Week 10: Progress …?

So I sent my interview questions to the people who agreed to do interviews and am now just waiting for them to send them back. I got one back yesterday from this lovely…

So I sent my interview questions to the people who agreed to do interviews and am now just waiting for them to send them back. I got one back yesterday from this lovely lady who works in the Sonoma County Film department and she was gracious enough to answer questions about local festivals as well as the process for obtaining permits/permission to film in the area and stage events.  Hopefully I’ll get at least two more within the next week or so …!

I also got my press credentials for the Sonoma International Film Festival, and will be attending this Saturday. Pretty excited about that! I’ll get to see a large-scale film festival event complete with after parties and special events such as panels and signings. I haven’t been to this festival so it will be a treat.

My website is all set up and is simply awaiting content. I’ll be tackling my timelines probably next week.

Not much else to report. I’ve been keeping up with my readings and am enjoying the music festival articles.  Some notes I’ve taken (mostly for my own reference):

Branding, Sponsorship and Music Festivals:

  • sponsorship as a vital income stream
  • secure headliner acts to ensure ticket sales
  • loss of sponsorship is one reason why many festivals fail
  • countercultural carnivalesque
  • utopian possibilities, freedom from social norms and expectations, to play, transform, or create new norms.
  • commercialization and sponsorship are negatively linked to other trends such as the increasing regulation, standardization and domestication
  • majority of festivals make use of sponsorship opportunities in order to provide financial support, additional attractions, and assistance in marketing, promo and media coverage.
  • grants, donations, private organizations/individuals,
  • gaining access to certain target markets
  • association of “good times’
  • captive festival audience – making a profit
  • leveraging – badging – logo placement
  • alcohol sponsorships
  • playful, imaginative and memorable multi-sensory experiences associated with the sponsor
  • partners vs sponsorships
  • ideological or ethical decisions about which sponsors to work with
  • ex: sustainability
  • the right “fit”
  • avoidance – without sponsorship support
  • music festivals as consumer commodities and spectacles vs countercultural carnivalesque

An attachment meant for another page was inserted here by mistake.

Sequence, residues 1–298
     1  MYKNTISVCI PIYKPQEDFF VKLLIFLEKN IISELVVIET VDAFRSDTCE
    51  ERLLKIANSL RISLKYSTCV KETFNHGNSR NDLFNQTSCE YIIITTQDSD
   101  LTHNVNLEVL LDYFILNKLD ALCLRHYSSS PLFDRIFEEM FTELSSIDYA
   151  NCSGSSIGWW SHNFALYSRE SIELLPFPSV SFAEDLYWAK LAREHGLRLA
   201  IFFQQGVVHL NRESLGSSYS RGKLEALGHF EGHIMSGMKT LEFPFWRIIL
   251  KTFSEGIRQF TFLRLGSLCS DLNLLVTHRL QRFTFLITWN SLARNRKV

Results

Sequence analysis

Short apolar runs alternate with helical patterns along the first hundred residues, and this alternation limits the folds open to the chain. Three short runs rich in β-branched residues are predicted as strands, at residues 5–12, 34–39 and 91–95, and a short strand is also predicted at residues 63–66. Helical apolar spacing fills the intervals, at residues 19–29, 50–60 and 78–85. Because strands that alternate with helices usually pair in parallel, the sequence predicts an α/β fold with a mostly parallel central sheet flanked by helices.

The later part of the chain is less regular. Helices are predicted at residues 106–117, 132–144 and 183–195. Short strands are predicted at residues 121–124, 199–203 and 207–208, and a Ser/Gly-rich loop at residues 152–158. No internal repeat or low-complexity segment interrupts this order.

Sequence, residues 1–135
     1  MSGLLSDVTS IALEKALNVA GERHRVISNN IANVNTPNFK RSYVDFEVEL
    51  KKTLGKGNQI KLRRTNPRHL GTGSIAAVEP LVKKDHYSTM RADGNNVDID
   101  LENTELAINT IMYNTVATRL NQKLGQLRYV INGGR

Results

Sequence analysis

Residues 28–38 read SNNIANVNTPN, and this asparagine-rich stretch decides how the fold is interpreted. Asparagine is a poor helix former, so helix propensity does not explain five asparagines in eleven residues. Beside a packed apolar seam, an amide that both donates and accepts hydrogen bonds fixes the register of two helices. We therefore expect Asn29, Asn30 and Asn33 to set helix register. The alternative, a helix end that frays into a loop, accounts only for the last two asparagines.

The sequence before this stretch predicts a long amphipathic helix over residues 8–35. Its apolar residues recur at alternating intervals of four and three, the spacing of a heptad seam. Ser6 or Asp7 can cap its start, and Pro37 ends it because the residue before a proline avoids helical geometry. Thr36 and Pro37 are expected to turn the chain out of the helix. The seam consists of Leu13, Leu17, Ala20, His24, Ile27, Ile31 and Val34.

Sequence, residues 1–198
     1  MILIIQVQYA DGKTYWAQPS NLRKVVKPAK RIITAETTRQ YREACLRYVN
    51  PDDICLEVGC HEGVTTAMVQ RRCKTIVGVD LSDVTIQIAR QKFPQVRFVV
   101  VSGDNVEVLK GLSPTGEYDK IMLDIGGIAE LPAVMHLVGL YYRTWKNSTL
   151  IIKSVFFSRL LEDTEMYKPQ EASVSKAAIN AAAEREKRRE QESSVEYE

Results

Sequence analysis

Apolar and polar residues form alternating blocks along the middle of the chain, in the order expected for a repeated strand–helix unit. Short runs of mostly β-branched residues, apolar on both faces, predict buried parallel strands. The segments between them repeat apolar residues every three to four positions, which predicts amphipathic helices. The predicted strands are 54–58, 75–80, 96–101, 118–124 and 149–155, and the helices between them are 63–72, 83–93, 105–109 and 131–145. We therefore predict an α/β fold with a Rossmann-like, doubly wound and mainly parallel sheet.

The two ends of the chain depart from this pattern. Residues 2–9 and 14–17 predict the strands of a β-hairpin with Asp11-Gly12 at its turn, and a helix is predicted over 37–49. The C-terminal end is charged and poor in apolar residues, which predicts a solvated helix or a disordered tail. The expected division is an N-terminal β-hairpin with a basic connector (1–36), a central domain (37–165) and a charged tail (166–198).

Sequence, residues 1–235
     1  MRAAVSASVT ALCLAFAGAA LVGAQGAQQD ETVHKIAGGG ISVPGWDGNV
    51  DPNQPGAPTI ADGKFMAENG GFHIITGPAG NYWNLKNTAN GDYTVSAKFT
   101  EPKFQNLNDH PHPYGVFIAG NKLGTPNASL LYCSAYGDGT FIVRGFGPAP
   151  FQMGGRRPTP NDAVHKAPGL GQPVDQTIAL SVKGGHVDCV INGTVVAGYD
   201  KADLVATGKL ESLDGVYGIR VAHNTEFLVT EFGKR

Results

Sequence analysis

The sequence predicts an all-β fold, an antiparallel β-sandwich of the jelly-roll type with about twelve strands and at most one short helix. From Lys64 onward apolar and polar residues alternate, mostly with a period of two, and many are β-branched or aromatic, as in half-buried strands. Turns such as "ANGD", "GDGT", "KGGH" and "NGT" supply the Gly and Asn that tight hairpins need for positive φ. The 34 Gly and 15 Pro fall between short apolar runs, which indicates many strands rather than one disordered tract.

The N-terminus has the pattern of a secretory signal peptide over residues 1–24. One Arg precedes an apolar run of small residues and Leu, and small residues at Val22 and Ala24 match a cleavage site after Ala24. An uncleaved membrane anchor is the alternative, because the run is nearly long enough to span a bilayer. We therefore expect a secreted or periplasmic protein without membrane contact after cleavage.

• not real but treated as real (hyperreal)
  • “shallow and manipulative forms of experience that leave little room for truly participatory activity.
  • activities and settings staged for the benefit of the sponsors
  • passive vs active festival-goers
  • financial pressures in promoting festivals
  • brand acceptance/avoidance
  • “something for everyone”

Blues Festivals:

  • House of Blues: study in contrast and irony
  • mostly white clientele
  • “look” joints, bbq shacks
  • decentralized nature of blues tourism
  • territoriality
  • cultural tourism – Blues festivals serve as one means to promote the blues as part of Mississippi’s cultural heritage.
  • “sanitize and repackage” the community in order to attract tourists to the area
  • disappearance of “local color’
  • blues festivals: homecoming/honoring musicians, preservation of blues culture, and integration/racial harmony
  • “vanishing blues culture”
  • abandonment of earlier styles
  • a “temporary integrated” community
  • Black Codes
  • blues as a response to oppressive and violent environments
  • Blues festivals funded by corporate sponsors, local businesses, individual contributors
  • providing financial assistance to elderly, often destitute blues musicians
  • Most audience members still arrive as a member of their respective racially segregated group. While whites and blacks may spark up conversations or even dance together, audience members are still closely connected to their primary group.
  • In many ways, racial integration at blues festivals is limited to spectators simply occupying the same physical space

And that’s my blog for the week! :)